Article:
They say leadership is hard, and it is. To convince a group of people not financially obligated to you to do something they don’t want to do takes finesse. It takes motivation. Charisma. And you have to do it without hitting anyone.
That takes a special skill, and not everyone is destined to be a leader. Some people don’t WANT to be leaders. Some people belong in a much larger group, called followers. That word has a bad connotation, but I think it takes real character to be a good follower. It takes followship.
Everyone talks about King Leonidas I of Sparta. He was a pretty dynamic leader. But he wouldn’t have held off a million Persians without the help of the other 299.
How about those Soldiers from the 20th Maine when COL Joshua Chamberlain, knowing they were running low on ammunition at Little Round Top, ordered them to fix bayonets and charge? Good leader. Great followers.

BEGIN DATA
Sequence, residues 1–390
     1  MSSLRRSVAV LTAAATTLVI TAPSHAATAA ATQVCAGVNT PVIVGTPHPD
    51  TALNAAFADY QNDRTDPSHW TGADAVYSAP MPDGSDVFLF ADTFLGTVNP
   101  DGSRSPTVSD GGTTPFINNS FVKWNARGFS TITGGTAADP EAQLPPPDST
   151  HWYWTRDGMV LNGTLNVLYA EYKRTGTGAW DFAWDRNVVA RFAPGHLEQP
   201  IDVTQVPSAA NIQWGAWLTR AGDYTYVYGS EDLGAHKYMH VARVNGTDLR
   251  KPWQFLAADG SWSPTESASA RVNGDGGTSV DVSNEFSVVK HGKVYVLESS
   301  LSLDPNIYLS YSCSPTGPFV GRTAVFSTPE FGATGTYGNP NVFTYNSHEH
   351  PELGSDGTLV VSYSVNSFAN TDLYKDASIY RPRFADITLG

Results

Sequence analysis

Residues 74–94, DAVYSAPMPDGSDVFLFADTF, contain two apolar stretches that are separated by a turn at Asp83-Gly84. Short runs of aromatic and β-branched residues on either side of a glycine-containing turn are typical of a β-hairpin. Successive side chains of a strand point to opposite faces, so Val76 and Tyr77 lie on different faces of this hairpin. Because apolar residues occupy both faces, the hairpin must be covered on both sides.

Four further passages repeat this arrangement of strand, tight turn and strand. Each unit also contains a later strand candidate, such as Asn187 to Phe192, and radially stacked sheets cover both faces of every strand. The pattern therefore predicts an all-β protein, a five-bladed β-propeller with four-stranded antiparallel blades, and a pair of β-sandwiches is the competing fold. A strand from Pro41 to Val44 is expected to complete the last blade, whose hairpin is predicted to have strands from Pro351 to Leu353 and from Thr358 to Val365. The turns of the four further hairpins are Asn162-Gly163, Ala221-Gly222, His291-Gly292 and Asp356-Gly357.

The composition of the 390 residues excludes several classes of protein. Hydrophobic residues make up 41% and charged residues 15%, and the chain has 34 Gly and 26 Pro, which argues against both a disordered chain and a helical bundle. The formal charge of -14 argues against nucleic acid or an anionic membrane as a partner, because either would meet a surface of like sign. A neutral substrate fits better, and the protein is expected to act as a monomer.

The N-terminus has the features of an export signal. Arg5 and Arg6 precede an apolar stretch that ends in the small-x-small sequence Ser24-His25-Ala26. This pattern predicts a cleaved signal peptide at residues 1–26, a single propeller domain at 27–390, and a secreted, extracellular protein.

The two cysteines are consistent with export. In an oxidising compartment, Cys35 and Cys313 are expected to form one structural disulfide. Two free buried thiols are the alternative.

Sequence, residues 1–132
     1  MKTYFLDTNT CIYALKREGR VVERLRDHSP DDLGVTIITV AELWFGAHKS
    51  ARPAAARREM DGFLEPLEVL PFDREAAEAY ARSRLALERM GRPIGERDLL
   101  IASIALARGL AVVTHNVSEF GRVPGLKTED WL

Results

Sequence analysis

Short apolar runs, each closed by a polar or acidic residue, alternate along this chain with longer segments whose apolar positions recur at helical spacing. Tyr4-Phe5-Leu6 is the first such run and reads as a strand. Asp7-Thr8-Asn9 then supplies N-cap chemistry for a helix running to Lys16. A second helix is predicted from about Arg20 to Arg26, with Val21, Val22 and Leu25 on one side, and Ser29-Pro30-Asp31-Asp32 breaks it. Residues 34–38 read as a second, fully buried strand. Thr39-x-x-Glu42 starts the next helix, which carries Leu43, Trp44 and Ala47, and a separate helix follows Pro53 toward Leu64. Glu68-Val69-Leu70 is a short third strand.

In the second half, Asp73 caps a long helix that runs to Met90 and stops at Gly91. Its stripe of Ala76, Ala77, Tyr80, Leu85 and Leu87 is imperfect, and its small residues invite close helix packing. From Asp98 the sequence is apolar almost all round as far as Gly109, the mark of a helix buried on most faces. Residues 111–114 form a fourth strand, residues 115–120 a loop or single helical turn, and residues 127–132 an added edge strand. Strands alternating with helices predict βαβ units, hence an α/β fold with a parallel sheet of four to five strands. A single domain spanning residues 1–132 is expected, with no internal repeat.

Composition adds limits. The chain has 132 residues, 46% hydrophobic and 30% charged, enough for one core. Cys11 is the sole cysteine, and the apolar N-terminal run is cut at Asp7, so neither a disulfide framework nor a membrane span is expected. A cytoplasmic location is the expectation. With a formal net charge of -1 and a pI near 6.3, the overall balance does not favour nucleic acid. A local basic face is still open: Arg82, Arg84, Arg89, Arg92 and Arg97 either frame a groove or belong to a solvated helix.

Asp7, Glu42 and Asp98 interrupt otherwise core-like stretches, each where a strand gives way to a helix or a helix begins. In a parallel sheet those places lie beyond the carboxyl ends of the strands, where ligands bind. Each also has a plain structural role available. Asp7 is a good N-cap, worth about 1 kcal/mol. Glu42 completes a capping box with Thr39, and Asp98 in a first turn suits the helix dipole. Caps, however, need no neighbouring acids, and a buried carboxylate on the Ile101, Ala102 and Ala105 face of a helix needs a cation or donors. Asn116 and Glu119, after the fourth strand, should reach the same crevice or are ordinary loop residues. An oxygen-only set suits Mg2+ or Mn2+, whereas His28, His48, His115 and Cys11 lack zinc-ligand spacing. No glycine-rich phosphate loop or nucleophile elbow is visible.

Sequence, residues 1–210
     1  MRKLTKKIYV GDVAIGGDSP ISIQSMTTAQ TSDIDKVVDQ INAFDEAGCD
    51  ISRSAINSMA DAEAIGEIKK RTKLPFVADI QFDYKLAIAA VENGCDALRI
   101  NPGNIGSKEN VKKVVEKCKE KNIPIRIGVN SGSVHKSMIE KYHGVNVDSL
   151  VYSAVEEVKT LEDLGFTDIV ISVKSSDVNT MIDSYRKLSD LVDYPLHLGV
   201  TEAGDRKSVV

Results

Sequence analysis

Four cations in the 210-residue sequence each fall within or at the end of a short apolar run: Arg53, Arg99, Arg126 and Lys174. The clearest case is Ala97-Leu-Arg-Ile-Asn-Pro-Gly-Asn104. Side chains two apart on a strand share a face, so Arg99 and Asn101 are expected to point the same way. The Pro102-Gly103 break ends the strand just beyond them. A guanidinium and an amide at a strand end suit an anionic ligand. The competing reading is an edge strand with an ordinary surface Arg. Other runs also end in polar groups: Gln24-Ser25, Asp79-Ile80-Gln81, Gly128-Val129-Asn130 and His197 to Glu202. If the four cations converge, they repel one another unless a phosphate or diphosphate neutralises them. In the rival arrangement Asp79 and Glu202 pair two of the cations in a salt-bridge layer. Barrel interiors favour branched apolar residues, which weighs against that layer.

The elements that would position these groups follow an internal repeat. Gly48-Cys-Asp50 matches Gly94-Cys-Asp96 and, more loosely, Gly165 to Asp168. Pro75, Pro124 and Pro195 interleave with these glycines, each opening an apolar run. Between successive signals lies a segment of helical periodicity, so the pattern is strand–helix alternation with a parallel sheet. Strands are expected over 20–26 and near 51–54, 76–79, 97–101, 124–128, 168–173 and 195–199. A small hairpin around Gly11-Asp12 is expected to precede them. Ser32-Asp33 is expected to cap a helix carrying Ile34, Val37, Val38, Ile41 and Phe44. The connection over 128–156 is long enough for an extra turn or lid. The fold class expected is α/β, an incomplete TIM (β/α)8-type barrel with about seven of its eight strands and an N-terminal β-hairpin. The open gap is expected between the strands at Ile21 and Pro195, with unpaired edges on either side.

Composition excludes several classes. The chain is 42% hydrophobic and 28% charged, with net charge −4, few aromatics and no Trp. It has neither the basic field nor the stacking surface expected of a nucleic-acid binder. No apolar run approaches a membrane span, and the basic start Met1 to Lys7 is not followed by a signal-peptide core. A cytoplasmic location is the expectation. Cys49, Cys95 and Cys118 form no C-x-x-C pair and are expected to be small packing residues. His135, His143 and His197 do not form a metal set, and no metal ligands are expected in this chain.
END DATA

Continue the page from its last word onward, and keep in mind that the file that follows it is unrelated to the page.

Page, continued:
Followship takes moxy, if you ask me, because sometimes the leader doesn’t make the best decisions. Chamberlain’s heroics were at Gettysburg; but the 20th Maine was also at Fredericksburg and that didn’t turn out so well, because his boss was incompetent. To be honest, the only good thing Chamberlain’s Commanding General contributed was a new style of facial hair.
Ambrose E. Burnside
Right or wrong, leaders need the troops if they are going to get anything done. It is great being a follower if the guy in charge knows what he is doing. It’s not so great if he doesn’t.
There is one consolation, however, for NOT being the one calling the shots, especially if things don’t go well.